So, I don't think there is anything I can DIY about the issue I'm
having, but I'll ask anyway ;)
As of last Thursday my internet access has gone from a really solid
37Mbps down to unusable at times.
The problem is not that the router disconnects (it still sits there
happily thinking it's connected at 40Mbps), but that there are very
large delays even when simply browsing.
The main sites I'm using for testing are www.bbc.co.uk, www.fast.com,
All I'm doing in the test is trying to load a page. Sometimes nothing
happens and times out.
Using fast.com shows a range of values from 0 to 37Mbps. It can cycle
good and bad several times an hour, or just a couple of times a day.
Re-booting, or power cycling gets it working again. But maybe that's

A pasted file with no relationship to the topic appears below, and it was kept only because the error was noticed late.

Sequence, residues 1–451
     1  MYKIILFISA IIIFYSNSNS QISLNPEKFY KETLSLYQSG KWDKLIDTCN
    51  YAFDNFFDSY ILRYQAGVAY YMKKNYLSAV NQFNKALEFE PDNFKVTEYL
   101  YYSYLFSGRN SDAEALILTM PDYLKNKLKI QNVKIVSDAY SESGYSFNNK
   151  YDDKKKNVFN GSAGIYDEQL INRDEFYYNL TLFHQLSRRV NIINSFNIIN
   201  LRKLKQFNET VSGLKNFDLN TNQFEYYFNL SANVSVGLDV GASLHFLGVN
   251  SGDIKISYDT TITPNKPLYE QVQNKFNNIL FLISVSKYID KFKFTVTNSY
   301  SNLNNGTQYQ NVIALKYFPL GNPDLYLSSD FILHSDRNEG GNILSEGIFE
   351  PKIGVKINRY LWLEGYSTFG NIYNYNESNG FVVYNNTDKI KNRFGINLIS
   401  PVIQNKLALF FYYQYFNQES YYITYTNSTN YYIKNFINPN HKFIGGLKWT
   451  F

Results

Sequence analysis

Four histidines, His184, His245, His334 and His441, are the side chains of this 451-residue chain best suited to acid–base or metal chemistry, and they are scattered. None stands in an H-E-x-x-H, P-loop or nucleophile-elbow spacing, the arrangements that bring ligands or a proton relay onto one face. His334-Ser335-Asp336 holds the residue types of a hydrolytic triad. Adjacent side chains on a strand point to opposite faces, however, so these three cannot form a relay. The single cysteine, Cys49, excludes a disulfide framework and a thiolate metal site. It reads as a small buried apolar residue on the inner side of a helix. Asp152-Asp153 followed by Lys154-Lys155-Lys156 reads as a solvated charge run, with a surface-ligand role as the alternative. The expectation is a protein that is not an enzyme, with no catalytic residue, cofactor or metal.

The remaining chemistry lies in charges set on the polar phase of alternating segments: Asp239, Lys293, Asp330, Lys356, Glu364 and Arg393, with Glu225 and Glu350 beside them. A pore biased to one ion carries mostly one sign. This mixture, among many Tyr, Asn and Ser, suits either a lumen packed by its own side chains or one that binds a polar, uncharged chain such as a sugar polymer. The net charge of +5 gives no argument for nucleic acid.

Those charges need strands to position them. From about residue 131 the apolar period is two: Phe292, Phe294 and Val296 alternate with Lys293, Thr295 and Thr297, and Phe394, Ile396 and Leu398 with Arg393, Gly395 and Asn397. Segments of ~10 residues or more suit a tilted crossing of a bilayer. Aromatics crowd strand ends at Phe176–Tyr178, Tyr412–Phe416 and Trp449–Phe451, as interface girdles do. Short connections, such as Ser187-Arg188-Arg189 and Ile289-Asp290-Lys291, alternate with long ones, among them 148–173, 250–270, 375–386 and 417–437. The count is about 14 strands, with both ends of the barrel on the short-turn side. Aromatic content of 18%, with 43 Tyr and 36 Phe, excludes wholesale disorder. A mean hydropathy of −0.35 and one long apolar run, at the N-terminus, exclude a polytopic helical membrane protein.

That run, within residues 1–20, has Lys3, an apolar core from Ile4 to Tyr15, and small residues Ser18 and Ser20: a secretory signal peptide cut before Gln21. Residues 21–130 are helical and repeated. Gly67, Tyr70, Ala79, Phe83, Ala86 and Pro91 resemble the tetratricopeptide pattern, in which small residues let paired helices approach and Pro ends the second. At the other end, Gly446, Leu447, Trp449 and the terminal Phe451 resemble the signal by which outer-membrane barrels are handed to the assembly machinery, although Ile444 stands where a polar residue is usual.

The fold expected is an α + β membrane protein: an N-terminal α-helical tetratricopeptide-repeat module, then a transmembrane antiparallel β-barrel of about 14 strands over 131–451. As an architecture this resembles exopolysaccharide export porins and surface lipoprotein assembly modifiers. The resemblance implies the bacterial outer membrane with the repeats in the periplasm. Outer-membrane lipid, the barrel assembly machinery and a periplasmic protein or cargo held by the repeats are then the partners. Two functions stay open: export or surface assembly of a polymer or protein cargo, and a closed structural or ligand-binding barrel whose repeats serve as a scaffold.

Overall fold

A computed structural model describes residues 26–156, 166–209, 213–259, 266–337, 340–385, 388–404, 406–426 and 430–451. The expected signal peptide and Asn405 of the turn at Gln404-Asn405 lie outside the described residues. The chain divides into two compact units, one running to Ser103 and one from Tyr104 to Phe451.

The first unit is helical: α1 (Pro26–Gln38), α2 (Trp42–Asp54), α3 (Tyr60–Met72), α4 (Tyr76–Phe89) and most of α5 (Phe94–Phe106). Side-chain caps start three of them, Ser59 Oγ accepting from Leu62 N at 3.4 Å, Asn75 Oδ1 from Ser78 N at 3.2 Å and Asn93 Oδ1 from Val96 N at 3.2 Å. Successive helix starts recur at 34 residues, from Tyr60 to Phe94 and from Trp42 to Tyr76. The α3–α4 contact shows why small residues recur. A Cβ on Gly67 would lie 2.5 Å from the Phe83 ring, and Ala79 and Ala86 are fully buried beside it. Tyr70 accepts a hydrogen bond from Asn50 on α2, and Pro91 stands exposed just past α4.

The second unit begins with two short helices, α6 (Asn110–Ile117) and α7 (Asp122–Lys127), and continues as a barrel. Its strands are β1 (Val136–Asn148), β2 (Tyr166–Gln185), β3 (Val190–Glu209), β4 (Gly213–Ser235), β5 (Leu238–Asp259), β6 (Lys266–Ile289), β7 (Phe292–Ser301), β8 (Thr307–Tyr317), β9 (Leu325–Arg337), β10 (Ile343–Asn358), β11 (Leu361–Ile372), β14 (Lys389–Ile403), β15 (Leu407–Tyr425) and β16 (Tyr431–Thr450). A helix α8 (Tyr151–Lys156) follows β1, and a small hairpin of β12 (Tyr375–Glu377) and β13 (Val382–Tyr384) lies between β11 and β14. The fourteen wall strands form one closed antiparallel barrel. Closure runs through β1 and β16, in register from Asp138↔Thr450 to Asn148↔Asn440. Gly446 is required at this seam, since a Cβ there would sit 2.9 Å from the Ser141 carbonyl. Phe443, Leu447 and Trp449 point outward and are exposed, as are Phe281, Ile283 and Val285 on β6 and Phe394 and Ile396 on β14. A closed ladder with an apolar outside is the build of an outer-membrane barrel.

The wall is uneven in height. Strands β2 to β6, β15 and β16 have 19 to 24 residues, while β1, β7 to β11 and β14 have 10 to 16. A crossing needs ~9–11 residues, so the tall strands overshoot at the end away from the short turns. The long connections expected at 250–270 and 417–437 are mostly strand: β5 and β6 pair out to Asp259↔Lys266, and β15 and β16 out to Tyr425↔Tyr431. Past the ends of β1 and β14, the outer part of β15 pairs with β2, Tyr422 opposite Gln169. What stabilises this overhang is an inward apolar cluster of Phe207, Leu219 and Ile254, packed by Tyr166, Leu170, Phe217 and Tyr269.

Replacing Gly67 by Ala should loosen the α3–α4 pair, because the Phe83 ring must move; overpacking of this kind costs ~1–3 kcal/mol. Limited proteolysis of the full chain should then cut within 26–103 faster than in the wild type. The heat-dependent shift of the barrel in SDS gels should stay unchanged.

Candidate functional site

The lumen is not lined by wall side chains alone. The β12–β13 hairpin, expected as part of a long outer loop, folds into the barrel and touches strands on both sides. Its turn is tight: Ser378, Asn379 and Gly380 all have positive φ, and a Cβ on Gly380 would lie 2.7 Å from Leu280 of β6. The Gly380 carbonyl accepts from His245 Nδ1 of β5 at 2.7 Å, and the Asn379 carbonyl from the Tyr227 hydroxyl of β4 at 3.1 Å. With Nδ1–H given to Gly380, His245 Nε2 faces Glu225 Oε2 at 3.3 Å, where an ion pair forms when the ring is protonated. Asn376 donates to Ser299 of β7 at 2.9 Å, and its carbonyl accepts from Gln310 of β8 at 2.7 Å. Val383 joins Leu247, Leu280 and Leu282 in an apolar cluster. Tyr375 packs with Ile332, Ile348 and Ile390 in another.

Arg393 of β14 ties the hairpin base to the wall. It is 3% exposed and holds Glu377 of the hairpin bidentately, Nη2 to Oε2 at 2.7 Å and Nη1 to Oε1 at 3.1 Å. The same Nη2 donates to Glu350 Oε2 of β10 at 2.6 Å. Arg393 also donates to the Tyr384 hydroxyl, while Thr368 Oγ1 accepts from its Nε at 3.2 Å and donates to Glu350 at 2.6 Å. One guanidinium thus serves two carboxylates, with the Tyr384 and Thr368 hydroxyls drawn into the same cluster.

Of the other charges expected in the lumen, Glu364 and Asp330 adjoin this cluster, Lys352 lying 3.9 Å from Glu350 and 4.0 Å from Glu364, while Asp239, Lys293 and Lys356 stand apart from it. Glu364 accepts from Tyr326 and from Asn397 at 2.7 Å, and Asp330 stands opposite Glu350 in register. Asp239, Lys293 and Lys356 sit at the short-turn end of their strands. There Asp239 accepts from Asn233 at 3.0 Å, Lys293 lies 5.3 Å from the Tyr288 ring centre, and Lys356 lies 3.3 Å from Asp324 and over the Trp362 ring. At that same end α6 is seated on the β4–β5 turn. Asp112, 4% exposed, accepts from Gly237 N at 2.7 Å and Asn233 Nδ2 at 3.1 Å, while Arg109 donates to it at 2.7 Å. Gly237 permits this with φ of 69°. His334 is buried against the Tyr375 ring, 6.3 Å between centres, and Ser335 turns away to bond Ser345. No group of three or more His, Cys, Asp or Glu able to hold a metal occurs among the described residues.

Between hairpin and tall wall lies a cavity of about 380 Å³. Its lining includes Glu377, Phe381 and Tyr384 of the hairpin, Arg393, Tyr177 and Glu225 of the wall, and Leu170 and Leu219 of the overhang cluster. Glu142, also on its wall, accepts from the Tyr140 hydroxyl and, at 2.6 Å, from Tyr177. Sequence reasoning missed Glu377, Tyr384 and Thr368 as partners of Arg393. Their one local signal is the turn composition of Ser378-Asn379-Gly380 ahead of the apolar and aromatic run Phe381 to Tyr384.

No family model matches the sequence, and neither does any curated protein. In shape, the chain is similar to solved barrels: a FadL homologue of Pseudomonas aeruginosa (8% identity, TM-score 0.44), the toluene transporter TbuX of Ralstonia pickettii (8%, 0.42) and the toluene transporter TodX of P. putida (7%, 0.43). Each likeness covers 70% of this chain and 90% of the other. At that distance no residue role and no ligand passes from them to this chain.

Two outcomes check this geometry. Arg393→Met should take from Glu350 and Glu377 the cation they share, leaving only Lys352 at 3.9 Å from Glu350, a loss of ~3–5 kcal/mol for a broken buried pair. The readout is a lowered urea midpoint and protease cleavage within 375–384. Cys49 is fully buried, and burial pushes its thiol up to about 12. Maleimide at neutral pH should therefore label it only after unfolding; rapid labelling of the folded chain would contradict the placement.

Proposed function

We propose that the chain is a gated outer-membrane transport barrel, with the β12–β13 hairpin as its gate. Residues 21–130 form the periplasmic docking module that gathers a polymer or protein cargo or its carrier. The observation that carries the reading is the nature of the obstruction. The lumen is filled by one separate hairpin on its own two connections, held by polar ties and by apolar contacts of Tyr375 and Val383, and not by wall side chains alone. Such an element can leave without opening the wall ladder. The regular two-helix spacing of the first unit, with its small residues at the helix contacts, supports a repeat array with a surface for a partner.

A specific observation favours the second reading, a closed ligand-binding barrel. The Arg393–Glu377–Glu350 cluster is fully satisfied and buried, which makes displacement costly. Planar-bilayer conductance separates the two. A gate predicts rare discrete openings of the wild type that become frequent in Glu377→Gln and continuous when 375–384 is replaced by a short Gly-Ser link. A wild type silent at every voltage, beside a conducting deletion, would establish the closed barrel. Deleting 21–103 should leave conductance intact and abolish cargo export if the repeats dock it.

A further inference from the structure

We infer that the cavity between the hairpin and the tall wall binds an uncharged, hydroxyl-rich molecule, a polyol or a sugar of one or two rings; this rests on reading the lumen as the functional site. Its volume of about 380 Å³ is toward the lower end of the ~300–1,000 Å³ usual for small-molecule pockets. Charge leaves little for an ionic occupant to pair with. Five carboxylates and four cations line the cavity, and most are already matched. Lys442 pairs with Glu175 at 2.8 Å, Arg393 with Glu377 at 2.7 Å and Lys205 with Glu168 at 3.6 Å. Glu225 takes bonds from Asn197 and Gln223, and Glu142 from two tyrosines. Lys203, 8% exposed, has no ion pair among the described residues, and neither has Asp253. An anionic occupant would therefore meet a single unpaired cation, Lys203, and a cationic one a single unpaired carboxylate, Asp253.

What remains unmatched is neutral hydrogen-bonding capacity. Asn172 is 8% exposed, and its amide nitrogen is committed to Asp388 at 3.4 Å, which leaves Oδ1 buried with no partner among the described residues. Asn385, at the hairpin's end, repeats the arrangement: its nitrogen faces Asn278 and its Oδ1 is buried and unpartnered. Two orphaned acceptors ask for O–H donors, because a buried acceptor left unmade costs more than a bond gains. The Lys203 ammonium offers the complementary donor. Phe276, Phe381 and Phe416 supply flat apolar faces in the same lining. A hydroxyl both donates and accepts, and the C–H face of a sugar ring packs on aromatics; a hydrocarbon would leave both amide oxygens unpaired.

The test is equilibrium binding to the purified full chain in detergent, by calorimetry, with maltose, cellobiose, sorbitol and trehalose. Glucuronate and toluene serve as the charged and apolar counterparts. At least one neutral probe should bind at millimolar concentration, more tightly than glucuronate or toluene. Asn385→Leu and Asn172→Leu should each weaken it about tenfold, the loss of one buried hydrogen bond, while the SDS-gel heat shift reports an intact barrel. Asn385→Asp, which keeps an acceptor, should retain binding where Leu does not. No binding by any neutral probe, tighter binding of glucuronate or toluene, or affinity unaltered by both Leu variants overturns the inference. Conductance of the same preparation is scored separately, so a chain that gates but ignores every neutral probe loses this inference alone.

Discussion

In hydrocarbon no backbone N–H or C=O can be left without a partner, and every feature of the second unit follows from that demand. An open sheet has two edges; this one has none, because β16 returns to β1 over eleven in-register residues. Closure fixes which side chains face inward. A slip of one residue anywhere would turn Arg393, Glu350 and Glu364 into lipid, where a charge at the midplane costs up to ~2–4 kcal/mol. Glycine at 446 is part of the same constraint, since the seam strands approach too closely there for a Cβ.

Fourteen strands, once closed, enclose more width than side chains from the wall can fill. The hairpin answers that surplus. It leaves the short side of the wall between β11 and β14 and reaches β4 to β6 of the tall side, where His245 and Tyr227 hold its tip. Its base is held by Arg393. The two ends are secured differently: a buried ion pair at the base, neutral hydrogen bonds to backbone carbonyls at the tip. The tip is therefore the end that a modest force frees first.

just coincidental, as if you don't reset, it does seem to recover by itself.
I've done a quick tracert on the above addresses and when it works
everything is sub 10ms. When it's in a bad mood, then some hops are
I've replaced the router (twice), the microfilter, and this issue shows
up on wired and wireless devices.
The last call to my ISP said that they had identified a non-specific
fault and would send someone out. Is "non-specific" just their term for
"we don't know what's going on"?
So, what sort of error would cause these symptoms?
A line fault that is introducing a high burst error rate. Basically
blocking error free transfer for periods of time. The ISP need to get it
raised with openreach (assuming its FTTC, and not unbundled).
If you do a quiet line test (dial 17070, and select it from the voice
menu), does the line sound continuously clear?
Most likely is line noise from a tree rubbing the insulation off or a